Tightening fish quotas and supply shortages for conventional species are causing major difficulties for both fishermen and seafood processors. There is a need, therefore, to explore the potential of underutilised fish species both as fillets or portions and as added-value products. The current project at Ashtown Food Research Centre (AFRC) addressed this issue for a number of underutilised species via (a) sous vide processing (with savoury sauces),(b)marinating (salt- and sugar-based marinades) and (c) via a combination of freeze-chilling and modified atmosphere packaging (MAP).A range of physico-chemical and sensory tests was conducted on the products and their shelf-life status was also determined.
    • Advanced and conventional methods for vegetative propagation of selected lines of oak and cherry.

      Douglas, Gerry C. (Teagasc, 1999-04-01)
      Oak and wild cherry (Prunus avium) are important broadleaved species. We have identified superior trees and conserved them by grafting. Methods for the large scale propagation of selected trees was evaluated using the technology of micropropagation. For oak we could establish shoot cultures from mature oaks but their propagation rate was too low and difficult for practical application. With wild cherry micropropagation is a feasible option for large scale production of selected material. Genetic fingerprinting technology was developed and applied to oaks. We showed that all material propagated vegetatively from oak was genetically similar to the original donor tree. Furthermore we used genetic fingerprinting to analyse a unique stand of elite oaks in Co. Westmeath and determined that the selected trees were not closely related to each other. The analysis of genetic fingerprints of 16 elite oaks also showed that five of them had an unusual pattern of DNA and one tree was identified as a rare triploid tree.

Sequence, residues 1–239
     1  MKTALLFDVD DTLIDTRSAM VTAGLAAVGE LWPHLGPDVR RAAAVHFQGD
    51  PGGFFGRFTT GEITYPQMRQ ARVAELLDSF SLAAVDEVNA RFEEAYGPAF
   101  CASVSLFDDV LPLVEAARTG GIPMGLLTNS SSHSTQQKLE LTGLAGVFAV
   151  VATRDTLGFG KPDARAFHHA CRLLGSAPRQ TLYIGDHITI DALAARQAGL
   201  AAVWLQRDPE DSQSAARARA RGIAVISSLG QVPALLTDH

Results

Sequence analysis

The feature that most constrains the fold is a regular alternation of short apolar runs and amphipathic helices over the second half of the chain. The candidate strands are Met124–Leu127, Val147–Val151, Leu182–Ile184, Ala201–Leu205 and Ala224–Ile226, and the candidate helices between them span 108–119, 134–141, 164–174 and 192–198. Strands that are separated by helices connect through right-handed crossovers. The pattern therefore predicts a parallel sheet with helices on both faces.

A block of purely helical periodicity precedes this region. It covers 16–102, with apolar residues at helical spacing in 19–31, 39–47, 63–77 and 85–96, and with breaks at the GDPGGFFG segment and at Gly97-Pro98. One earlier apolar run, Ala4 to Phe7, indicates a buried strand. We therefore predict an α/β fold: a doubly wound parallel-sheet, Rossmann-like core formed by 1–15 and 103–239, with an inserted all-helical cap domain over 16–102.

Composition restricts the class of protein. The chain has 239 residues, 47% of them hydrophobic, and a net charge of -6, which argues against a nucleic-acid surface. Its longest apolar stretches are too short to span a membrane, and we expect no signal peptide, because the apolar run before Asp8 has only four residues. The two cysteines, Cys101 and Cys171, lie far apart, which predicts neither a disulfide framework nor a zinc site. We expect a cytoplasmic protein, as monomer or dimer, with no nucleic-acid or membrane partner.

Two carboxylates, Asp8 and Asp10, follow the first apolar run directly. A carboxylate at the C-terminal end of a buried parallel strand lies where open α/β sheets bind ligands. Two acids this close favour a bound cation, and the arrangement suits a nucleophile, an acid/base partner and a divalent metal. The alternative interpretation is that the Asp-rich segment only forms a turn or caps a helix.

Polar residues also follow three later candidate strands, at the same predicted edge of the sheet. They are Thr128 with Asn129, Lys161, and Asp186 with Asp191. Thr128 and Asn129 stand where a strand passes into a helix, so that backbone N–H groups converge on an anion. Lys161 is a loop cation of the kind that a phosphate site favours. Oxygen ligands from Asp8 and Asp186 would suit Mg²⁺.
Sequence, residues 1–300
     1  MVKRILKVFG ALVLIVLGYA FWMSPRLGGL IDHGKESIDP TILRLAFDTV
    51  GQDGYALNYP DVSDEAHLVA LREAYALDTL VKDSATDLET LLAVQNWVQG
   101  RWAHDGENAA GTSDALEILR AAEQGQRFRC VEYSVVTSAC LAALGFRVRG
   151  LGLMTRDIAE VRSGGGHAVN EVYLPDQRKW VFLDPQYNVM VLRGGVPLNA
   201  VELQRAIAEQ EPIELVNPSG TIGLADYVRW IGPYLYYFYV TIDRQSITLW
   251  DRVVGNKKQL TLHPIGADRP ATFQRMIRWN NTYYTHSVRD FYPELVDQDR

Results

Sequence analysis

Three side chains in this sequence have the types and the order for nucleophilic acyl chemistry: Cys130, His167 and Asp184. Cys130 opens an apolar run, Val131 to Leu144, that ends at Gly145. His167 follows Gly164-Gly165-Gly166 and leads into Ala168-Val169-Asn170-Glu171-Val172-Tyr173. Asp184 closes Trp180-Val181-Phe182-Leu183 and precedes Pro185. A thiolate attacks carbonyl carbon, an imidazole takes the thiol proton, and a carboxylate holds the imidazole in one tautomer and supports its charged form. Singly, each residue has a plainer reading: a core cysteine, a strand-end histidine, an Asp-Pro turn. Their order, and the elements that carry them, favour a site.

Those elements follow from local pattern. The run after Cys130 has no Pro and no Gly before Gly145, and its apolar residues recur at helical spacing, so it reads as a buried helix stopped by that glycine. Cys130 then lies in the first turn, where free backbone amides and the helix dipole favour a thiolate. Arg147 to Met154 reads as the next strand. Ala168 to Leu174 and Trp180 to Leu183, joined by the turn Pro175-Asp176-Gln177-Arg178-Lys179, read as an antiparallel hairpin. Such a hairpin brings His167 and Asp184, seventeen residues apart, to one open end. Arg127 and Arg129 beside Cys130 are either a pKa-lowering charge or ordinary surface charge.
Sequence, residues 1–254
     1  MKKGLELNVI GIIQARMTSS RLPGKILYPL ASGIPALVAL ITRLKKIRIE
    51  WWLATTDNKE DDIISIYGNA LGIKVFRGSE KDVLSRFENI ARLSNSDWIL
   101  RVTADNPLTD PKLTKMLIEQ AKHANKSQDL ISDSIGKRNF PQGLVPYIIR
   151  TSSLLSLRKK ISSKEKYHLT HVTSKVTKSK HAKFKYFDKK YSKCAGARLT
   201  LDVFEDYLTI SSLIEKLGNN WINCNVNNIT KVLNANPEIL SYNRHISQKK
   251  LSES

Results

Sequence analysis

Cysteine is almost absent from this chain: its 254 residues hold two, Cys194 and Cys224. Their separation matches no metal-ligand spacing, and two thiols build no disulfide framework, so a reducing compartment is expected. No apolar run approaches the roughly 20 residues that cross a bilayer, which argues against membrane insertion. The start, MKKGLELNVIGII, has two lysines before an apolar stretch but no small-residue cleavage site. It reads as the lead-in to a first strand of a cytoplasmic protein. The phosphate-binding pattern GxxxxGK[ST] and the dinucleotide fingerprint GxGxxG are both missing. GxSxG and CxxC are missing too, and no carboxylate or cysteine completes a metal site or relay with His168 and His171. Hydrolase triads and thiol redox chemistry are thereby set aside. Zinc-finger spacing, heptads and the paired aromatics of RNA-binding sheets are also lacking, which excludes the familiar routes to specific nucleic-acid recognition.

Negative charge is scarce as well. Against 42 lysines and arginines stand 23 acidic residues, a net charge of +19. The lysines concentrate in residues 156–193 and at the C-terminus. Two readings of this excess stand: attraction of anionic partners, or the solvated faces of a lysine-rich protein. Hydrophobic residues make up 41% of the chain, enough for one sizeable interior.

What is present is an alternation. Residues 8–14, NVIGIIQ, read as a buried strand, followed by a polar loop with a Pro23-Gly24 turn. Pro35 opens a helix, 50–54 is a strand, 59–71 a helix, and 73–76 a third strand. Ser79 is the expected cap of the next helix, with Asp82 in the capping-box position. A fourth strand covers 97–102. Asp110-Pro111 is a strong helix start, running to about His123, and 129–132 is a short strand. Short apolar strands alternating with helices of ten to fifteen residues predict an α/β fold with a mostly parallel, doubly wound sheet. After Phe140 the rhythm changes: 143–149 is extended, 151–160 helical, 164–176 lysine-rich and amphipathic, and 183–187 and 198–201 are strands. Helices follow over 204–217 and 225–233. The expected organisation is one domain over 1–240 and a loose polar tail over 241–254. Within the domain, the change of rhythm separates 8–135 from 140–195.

• Agronomic performance of acid-based liquid fertilisers on winter wheat.

      Burke, J.I.; O'Reilly, B.; Gallagher, E.G. (Teagasc, 1999-12-01)